How to Protect Your Funding as a Small Business

How to Protect Your Funding as a Small Business

Small businesses face several challenges, including limited funds. While this can be a challenge to deal with daily, it can also present opportunities for growth and expansion. If you find yourself in the position of devising new ways to raise capital, or if you’re already trying to fund your small business with an established line of credit, some steps can help ensure your funding stays safe:

Know the Difference between Debt and Equity Financing

The difference between debt and equity financing is that debt financing is a loan, while equity financing is an investment. Debt financing is more expensive than equity financing because the lender must be compensated for its risk of not getting paid back. Equity investors are not entitled to interest on their investments in a company. But they’re only entitled to what’s left over once all the other bills are paid.


While many small businesses opt for a loan when they need money, it’s essential to consider whether you’d instead go with an equity investor (or both). Here are some things to consider before deciding which option would work best for your business:

Debt Financing

Debt financing might be better if you have an established business model and customers who already know about your brand. With this type of funding, banks will want documentation showing that there’s enough profit each month so that they’ll be able to collect interest payments on their loans—and will also want collateral like property or equipment as security against defaulting on those payments.

Equity Investors

Equity investors tend towards newer companies with excellent growth potential but less financial history than larger businesses do. These investors aren’t looking so much at past performance as they are at future projections regarding how much revenue can be generated by a given product or service over time. And how much profit will ultimately be from those sales figures once all costs are considered?

Consider Every Option

You’ll have many choices when it comes to funding your business. The first step is to consider all of them. Your best option might be a bank loan or a small business credit card. Or maybe you’re better off with a crowdfunding campaign or private investment technology.


Whatever you choose, make sure it’s an investment that fits into the overall plan for your company. And one that will help you achieve your goals while minimizing risk and increasing control over your project.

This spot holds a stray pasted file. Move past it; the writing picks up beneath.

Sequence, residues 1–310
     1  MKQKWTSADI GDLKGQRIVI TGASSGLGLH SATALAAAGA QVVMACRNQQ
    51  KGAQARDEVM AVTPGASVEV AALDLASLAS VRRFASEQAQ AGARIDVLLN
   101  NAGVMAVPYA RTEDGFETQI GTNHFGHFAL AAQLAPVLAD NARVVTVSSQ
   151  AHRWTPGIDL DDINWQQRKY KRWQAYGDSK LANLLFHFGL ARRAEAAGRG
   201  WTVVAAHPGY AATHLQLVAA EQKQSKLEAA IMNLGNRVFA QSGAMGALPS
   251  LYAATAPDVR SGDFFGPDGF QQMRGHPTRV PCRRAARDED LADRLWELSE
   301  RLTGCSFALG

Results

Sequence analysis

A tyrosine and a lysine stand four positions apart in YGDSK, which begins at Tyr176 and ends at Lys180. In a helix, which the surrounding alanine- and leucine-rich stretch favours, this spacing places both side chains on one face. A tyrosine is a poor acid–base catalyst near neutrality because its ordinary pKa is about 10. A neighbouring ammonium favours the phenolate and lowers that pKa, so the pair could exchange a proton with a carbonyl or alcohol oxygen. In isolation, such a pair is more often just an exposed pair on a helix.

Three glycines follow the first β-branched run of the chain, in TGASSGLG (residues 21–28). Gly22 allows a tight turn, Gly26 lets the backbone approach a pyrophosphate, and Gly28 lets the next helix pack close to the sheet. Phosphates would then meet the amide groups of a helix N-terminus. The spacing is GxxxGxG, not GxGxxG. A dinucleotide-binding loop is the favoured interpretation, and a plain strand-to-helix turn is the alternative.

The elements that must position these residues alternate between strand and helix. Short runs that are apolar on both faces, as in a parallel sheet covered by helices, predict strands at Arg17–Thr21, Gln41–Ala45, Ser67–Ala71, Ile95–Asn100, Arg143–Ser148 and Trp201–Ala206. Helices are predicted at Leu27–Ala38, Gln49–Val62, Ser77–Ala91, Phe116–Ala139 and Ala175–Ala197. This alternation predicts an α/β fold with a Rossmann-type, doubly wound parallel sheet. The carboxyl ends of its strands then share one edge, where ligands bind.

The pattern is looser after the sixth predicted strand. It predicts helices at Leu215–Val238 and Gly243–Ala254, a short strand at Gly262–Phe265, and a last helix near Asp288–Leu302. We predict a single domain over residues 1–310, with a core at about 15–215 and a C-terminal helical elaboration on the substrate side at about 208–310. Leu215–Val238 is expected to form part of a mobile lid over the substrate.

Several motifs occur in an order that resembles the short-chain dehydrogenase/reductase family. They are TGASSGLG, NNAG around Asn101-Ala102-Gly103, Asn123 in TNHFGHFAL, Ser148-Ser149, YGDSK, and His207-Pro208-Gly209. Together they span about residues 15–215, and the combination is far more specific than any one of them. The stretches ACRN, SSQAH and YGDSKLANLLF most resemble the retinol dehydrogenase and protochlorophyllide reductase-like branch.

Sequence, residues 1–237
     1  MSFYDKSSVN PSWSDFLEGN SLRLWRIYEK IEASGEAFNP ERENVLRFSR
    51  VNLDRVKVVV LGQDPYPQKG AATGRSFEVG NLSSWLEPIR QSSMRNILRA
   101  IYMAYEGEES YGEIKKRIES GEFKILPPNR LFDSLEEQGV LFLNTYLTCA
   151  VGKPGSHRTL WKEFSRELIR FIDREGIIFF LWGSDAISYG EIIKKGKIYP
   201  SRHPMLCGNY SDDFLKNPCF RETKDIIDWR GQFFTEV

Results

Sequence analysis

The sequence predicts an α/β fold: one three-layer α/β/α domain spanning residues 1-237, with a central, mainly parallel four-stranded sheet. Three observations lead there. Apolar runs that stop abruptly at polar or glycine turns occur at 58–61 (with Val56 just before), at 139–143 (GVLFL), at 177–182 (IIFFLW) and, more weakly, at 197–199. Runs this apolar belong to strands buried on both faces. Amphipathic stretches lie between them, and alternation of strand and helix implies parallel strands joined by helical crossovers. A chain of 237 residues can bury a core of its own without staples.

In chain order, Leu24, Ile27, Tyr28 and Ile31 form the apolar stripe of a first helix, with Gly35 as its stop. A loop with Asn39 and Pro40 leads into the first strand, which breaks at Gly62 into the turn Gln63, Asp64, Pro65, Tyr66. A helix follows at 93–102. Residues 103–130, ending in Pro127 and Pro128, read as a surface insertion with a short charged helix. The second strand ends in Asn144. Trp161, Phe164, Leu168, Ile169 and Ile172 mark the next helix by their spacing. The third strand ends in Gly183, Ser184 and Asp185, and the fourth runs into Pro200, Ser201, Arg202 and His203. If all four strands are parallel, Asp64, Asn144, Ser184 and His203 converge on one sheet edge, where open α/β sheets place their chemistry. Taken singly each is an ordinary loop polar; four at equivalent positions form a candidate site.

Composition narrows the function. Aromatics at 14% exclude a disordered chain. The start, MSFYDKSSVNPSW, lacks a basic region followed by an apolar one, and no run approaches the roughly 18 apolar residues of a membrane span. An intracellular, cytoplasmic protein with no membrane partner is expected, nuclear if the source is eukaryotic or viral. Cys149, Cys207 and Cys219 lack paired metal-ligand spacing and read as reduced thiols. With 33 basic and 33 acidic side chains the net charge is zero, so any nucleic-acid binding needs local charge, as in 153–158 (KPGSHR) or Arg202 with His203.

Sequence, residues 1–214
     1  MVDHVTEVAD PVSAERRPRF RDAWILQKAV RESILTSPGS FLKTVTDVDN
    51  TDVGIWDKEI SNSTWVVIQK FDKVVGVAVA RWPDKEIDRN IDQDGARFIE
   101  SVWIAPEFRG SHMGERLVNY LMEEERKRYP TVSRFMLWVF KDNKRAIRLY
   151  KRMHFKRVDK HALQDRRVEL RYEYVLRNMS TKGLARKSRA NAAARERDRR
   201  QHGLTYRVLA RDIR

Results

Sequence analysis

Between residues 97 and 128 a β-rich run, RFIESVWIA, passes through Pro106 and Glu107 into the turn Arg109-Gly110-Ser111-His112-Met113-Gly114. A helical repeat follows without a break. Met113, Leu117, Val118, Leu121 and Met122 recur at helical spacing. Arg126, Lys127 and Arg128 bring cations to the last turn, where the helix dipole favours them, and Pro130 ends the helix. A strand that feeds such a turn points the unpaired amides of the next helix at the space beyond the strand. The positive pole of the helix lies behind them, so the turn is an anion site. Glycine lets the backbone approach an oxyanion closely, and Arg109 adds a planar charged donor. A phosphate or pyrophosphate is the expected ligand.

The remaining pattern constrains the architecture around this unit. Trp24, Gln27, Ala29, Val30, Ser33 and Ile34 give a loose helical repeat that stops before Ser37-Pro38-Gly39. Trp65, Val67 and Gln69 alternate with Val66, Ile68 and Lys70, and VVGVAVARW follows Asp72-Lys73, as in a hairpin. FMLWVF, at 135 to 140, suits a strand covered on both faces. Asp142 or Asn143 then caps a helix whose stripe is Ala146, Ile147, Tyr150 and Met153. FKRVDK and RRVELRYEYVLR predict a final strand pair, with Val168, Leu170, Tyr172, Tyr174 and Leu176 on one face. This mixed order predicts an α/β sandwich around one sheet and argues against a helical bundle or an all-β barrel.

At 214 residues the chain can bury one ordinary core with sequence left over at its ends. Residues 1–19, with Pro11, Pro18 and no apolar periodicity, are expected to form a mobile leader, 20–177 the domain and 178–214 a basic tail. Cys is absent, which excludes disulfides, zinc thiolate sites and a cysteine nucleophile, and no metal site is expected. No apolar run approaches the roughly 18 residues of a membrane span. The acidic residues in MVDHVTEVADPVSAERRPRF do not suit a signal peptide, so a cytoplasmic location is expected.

Know Your Investors

Investors provide capital to a business in exchange for an ownership stake. They may be lenders, who offer money in exchange for interest payments, or partners, who provide capital and share profits. While there’s no single definition of an investor, it’s essential to understand that investors differ from lenders because they expect a return on their investment rather than immediate repayment of the principal amount borrowed.

Make Sure Your Idea Is Watertight

To protect your funding, you must ensure the idea is watertight. By doing this, you will be able to ensure that you have a strong foundation for your business. If the concept isn’t sound, it will be difficult for you and your team to develop it into something reliable and robust enough for investors.


Make sure that you have a good plan in place which outlines how all of the pieces of your business fit together. This includes understanding who makes up your team, their roles within the company, and any other players involved in bringing an idea to life (such as manufacturers). 


It’s also important to understand what resources are needed now versus in the future and what money you might spend on marketing campaigns or advertising costs (if necessary).

Pay Attention to the Future

As a small business owner, you must ensure the company has enough cash flow to fund its growth and pay its employees.


This is what business experts call “forecasting.” It means predicting where you think money will come from in the future based on what resources are available now. Suppose a large client has been promising payments over time but hasn’t yet paid as much as expected. 


In that case, your forecasting needs improvement because these delays could affect other parts of your business plan—and ultimately hurt profits down the road.


Raising money is hard. Keeping it is much more difficult. If you want to protect your funding, you need to ensure that the people who gave it to you are happy with their investment and won’t pull out any time soon.


Categorized as Business